Think of a Grandmaster chess player and their ability almost to read their opponent's mind and foresee their moves several moves in advance, strategizing their own game accordingly. Or think of the expert swordsman or fencer, and their ability to foresee and foreshadow their opponent's moves ahead of time and react almost instantaneously, even preemptively, on occasion. Or think of the highly skilled and experienced matador, and their ability to foresee and anticipate the brutish movements of the bull and react accordingly before zeroing in for the kill. Or think of the highly trained and experienced athlete and their ability to anticipate and out-think their opponent on the field or court. Again, this ability comes from expertise in one's skill and from years of training and experience. It's not really a psychic ability, but, rather, the ability to view circumstances holistically and to respond proactively based on an unconscious extrapolation into the future (I hope that makes sense).

I think that that's closer to what the iconography of the "third eye" probably represented in its original form and it became corrupted over time into representing something quite different, namely clairvoyance or mysticism. However, if one strips away the distortions that have accrued over centuries and returns to original core of the mythology, I think the context reveals the original meaning of the myths and icons much more vividly and clearly. However, I must note, that this is all hypothetical-in no way do I have the academic credentials in the field to back up my statements! All I can say is that such a reading of the myths and icons makes sense to me!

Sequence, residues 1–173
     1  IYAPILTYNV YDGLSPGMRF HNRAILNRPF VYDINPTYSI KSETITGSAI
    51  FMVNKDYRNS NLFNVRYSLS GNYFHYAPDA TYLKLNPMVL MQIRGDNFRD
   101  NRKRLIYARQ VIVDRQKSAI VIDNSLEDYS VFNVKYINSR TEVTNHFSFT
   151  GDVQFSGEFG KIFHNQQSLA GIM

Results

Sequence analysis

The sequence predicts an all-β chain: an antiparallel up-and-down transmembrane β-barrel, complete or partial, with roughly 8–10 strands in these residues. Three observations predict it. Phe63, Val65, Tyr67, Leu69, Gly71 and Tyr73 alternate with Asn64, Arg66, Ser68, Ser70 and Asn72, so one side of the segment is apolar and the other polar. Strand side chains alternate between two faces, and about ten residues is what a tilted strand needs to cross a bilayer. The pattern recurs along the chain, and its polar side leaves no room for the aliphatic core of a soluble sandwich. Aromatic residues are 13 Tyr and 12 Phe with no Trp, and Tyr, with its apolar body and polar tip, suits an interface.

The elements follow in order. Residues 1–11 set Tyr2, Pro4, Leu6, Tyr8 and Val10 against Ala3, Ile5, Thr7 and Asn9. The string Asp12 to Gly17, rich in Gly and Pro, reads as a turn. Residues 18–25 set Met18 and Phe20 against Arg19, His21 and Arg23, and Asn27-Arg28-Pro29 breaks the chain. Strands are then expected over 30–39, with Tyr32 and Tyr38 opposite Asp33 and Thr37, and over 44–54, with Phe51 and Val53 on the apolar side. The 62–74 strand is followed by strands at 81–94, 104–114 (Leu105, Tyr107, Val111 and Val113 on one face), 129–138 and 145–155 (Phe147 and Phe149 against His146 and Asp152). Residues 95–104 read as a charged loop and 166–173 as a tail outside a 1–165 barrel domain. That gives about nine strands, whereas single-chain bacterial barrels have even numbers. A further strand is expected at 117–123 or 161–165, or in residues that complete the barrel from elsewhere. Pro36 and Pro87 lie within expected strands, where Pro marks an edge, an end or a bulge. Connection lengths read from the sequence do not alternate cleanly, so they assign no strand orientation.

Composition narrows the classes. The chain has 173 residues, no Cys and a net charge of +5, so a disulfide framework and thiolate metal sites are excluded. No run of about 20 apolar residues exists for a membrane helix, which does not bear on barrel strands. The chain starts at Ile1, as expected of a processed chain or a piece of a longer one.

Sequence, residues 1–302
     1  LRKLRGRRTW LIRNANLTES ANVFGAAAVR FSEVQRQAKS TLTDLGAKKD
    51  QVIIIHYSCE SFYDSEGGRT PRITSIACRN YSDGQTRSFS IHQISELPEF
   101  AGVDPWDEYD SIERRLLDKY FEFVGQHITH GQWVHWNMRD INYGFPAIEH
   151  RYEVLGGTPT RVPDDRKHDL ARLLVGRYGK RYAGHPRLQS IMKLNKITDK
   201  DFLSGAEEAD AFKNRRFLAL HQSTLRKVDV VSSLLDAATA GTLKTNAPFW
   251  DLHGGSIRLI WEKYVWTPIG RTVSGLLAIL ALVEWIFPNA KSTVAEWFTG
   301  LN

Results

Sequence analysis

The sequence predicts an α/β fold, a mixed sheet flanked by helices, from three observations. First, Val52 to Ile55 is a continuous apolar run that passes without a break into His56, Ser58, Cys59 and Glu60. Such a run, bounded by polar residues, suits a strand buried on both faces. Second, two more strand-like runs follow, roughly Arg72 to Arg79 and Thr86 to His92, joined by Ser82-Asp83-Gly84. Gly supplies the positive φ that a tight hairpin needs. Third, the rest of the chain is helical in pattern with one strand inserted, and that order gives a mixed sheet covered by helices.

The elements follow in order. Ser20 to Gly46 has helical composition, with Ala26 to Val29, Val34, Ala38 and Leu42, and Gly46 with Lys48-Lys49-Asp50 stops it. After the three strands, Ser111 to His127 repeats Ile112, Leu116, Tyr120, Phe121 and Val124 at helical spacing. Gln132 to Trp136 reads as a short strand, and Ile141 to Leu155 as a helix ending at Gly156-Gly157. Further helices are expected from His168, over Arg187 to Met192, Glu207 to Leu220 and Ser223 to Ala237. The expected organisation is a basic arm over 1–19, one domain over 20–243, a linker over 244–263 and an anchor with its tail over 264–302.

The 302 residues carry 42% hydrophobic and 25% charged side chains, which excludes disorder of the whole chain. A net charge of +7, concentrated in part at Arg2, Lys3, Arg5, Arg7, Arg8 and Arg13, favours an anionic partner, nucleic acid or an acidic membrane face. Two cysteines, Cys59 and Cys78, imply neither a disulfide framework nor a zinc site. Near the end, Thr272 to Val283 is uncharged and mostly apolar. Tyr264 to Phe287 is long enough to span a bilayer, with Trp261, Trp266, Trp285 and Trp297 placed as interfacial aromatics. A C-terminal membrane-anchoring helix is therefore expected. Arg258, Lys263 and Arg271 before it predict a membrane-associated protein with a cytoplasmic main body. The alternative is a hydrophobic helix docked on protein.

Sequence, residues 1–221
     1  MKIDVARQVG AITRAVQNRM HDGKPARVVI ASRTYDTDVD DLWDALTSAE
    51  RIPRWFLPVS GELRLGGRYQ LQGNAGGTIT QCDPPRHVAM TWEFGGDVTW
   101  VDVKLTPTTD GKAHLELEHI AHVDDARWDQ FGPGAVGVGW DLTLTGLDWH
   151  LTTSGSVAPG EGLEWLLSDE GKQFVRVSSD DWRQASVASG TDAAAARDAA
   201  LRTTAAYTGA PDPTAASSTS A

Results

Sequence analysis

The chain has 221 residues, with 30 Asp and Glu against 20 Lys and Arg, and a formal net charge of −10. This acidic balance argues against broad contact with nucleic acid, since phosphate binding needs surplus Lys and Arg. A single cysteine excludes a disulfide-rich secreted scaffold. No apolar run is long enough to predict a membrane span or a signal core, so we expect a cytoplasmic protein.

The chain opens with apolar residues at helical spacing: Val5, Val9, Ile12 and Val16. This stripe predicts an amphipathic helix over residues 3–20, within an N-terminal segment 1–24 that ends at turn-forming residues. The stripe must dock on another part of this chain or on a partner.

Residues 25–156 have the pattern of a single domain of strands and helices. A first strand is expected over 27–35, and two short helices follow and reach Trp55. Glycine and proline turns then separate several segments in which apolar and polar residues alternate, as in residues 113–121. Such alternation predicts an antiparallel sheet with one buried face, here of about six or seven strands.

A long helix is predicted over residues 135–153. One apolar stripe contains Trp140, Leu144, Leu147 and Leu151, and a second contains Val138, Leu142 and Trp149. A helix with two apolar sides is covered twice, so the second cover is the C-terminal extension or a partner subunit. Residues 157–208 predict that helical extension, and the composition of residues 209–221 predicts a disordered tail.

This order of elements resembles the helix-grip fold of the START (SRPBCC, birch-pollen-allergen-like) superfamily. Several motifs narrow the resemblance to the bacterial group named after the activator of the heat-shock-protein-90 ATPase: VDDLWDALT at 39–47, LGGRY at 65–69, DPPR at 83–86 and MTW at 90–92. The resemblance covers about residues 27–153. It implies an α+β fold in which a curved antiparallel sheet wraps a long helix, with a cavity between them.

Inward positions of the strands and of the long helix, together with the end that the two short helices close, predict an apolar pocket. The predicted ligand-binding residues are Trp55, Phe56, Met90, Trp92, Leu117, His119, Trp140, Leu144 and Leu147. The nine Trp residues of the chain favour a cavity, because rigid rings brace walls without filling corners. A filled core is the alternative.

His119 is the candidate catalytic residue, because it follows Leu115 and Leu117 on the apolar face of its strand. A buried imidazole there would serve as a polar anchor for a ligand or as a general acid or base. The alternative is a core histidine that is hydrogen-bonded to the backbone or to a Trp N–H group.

Myths and icons are a fascinating subject in and of themselves, and the puzzle of getting to their originary meanings is a worthy subject of study, because they meant so much to the cultures they sprang from, and continue to mean a lot to the society of the present day. I guess it is a worthwhile effort trying to understand exactly what they represented back when they were originally conceived and how their meaning might have changed or transformed over time.

Horizon Cybermedia, as a part of our ongoing film-making project, attempts to make sense of the mass of cultural icons that have come down to us over the ages from bygone cultures and civilizations. Rather than dismiss them offhand, I think it is a worthwhile effort to try and understand them and the histories associated with them. Meanwhile, do check out our website at for our ongoing film series, Exploration with Uday Gunjikar.

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Uday Gunjikar
Uday Gunjikar

Uday Gunjikar is the founder and CEO of Horizon Cybermedia, a new company dedicated to the production and delivery of high quality digital media content. Horizon Cybermedia owns and operates the website, featuring the film series Exploration with Uday Gunjikar. Uday Gunjikar also operates and regularly contributes to the affiliated weblog, Horizon CyberBlog.